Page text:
I know this is way too much to power via an Arduino, so I plan on having all of these in a component that will plug into the wall, and USB plug into the PC for control commands. I know plenty of devices have multiple components running off one power supply, like a DVD player would have motor for spinning the disk, motor for ejecting, the display, the video processing stuff. So I wouldn't think it would be too difficult to have a motor, an LED strip, and 5 LED's running off one Arduino.

Am I missing something? And is there a good online resource where I can whiteboard this, like dragging components onto a virtual breadboard to figure out what voltage I need? That's the kind of help I'm looking for, taking this concept (and the incorrect drawing) and getting a schematic from it I can put on the arduino.

Tanoshimi:
Am I missing something? And is there a good online resource where I can whiteboard this, like dragging components onto a virtual breadboard to figure out what voltage I need?

I think you have the concept generally correct.

The voltage that a component requires is independent of all the other components and will be stated in its user manual or datasheet. Life is simplest if all the parts need the same voltage. If not you may need multiple power supplies or a power supply that can provide the highest required voltage (I am assuming safe voltages below (say) 24v) together with some devices to drop that voltage to the lower voltages that other parts require.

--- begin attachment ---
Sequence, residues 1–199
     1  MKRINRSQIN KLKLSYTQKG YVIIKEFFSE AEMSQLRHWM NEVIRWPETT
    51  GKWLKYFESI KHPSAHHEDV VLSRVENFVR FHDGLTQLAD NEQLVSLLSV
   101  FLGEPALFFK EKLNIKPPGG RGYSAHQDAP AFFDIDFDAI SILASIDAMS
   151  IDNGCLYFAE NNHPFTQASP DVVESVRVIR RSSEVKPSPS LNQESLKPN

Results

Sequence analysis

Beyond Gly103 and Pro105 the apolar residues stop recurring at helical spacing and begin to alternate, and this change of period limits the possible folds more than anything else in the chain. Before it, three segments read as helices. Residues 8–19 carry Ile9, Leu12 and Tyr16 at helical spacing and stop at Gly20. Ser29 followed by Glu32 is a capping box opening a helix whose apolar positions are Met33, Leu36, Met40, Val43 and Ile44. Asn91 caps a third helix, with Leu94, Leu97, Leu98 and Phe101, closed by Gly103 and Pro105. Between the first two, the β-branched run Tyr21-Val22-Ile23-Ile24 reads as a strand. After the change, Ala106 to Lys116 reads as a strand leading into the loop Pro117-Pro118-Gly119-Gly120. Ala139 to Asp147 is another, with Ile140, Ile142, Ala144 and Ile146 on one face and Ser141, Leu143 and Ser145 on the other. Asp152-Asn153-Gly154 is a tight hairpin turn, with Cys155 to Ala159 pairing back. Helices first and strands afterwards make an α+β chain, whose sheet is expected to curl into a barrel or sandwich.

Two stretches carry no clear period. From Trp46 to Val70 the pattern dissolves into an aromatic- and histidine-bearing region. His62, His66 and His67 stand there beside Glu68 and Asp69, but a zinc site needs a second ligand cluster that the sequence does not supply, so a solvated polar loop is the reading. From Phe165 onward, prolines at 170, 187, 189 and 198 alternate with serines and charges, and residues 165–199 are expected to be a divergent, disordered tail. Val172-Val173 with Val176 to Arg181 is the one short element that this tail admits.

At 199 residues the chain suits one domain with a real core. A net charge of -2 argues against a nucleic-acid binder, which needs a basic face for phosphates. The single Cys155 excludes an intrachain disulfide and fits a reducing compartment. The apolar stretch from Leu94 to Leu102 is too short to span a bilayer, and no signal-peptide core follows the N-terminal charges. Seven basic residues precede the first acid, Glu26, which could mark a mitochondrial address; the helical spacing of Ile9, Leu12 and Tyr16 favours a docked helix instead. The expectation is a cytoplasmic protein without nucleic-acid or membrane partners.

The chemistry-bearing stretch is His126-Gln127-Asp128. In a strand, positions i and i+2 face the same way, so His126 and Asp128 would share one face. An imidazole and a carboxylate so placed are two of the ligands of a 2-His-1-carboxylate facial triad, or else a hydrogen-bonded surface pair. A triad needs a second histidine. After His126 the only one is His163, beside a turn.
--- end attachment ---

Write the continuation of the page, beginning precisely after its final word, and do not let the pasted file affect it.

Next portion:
As well as getting the voltages correct you need to ensure that your power supply(ies) can provide enough amps. Having more amps available than you need will not be a problem, but having too few will be.

...R

Great advice! So, it seems to me that any motor strong enough to turn the threaded rod fast enough, is going to require more voltage than the LED strip does. So I'll need to work out a circuit that feeds the full voltage to the motor, then feeds a dropped amount of voltage to the LED's. Guess I'll be researching voltage regulators next!

Tanoshimi:
So, it seems to me that any motor strong enough to turn the threaded rod fast enough, is going to require more voltage than the LED strip does

That is much too simple. The motor will need more watts (power) and 1 watt is 1 volt x 1 amp. So you can get 100 watts with 5 volts x 20 amps or 20 volts x 5 amps etc.

It may be possible to get a motor that will work on the same voltage as your LED strip, and it may not.

Write down the required voltages of the components where you know the value.

...R

Having gone through Youtube videos, I’ve noticed a lot of people successfully salvaging battery operated drills. I have both a battery operated one, and a corded one, either of which I can salvage.

So now I’m wondering if I can just pull that out, connect the trigger mechanism to be always on, and connect the arduino to the directional switch, and use the arduino (or PC via USB to the arduino) to toggle the direction between (CW, off, and CCW)?

Granted, this doesn’t help me with the LED’s and I would probably end up doing them separately, but this would get me a reliable motor, and I know it would be powered correctly since it’s using it’s own power, and I wouldn’t need to make and h-bridge circuit since the drill comes with the directional switch.

I’d just need to figure out how to connect the Arduino to that switch on the drill that determines direction. Maybe as simple as connecting an IO Pin to each side (CW and CCW) and just using code to turn on a pin depending on whether I want to extend or retract?